Eukobrom exhausation : reality check

Discussion in 'B&W: Film, Paper, Chemistry' started by Laurent, Nov 21, 2012.

  1. Laurent

    Laurent Subscriber

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    Hello all,

    I've been fighting with my printing skills in the last months, and thought I was unable of printing consistently without understanding why.

    This seems to happen more often for FB paper (Ilford Ilfobrom Galerie to be precise), and long before one would thought the working solution (1+9) is exhausted.

    In the last case, I printer less than 10 5x7 sheets on one evening, and on the next evening I found that what printed nicely on grade 3 became WAY too dark and contrasty.

    I use a dish warmer to keep developer at working temp (around 22°C), and my typical session lasts 2 to 3 hours.

    My Eukobrom is bought in 5 liters jar, then decanted in 1l bottles, and I use Protectan to top-off the developer so that it does not oxydize.

    Since I understood my issues were caused by the developer, I decided to use it one shot (1 jar should last me 50 sessions, and that makes the price low enough* to accept it)

    Does this seem reasonable, or am I missing something ?

    * especially if I consider the cost of wasted paper against the cost of developper.
     
  2. MartinP

    MartinP Member

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    There are very few developers that will stay usable for more than, say, ten hours as a working solution. It sounds as though it was somehow becoming more alkaline, or active, before it oxidised and stopped working??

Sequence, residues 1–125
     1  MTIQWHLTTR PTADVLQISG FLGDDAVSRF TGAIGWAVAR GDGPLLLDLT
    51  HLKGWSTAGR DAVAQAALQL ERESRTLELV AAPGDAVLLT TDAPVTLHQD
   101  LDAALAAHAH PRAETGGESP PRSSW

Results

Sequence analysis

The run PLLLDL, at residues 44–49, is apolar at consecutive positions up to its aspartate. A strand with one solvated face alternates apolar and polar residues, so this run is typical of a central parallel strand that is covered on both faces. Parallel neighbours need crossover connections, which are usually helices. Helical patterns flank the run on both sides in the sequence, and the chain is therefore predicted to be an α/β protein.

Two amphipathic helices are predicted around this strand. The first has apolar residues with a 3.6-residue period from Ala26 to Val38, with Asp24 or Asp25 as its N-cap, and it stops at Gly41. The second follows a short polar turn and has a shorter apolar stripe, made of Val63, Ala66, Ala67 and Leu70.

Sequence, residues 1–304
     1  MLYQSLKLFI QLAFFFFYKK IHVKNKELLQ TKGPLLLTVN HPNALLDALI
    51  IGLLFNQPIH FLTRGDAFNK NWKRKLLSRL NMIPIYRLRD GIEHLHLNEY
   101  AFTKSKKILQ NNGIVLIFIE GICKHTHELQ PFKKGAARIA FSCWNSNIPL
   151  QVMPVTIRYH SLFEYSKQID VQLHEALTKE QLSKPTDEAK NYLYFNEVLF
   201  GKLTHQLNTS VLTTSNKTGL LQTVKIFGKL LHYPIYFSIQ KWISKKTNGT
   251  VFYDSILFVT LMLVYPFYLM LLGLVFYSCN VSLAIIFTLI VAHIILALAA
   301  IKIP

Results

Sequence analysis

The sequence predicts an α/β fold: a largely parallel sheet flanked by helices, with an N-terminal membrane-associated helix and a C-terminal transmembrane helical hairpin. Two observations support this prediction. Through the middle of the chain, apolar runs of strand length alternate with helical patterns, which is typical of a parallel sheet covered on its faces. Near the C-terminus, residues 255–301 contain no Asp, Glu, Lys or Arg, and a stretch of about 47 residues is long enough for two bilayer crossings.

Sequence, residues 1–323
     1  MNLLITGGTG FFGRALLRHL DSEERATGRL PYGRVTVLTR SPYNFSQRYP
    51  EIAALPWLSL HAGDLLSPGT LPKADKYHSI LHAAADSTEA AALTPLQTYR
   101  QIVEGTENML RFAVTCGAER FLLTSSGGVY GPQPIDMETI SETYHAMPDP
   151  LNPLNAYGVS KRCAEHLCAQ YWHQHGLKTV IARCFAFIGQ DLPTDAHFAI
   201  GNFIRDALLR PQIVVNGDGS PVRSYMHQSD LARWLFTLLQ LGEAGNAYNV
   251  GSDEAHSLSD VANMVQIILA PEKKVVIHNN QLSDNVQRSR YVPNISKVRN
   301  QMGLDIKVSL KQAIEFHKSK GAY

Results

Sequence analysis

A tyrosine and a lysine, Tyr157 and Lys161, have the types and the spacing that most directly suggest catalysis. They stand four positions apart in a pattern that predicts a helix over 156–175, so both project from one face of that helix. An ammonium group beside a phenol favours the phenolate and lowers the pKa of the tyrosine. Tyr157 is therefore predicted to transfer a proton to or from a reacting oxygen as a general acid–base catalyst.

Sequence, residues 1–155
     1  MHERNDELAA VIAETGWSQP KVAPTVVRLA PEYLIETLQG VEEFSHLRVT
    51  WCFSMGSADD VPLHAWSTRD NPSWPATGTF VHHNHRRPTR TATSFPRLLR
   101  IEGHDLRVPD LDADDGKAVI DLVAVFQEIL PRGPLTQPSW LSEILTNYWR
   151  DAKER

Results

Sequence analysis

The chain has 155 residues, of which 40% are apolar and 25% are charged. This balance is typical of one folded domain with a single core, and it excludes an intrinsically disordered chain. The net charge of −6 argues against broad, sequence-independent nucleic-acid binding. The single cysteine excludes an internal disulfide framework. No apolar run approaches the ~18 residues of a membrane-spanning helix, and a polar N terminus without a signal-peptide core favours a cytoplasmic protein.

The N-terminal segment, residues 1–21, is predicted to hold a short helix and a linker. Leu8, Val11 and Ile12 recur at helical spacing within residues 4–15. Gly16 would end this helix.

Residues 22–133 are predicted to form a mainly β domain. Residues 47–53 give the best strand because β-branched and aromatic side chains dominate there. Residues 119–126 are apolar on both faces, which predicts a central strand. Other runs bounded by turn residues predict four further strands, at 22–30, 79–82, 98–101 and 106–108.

Unless there is a specification sheet saying differently, one-shot would be the normal way to use a paper developer. For a 5x7 dish that might only require 450ml or so of working solution, hence 45ml of the stock - so quite do-able, as you say.
     
  3. Slixtiesix

    Slixtiesix Subscriber

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    You could also try Calbe N113 (now Adolux Adotol Konstant). This is a powder paper developer with exceptional shelf life, especially in trays. Pretty robust stuff. It´s cheap too, so trying would not cost you much. I have used Eukobrom before but now this is my developer of choice.
     
  4. ath

    ath Member

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    Eukobrom has a reputation as long lasting and robust developer. If you just leave the working solution in the tray between sessions it goes off much faster than if you store the diluted developer in a bottle. Two things count: amount of paper developed and exposure time to air (oxygen).
     
  5. Laurent

    Laurent Subscriber

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    In my case, I stored it in "accordion" bottles betweens sessions, so exposition to air should be minimal.

    I'll use it one shot at least for a while, and see if this improves reliability.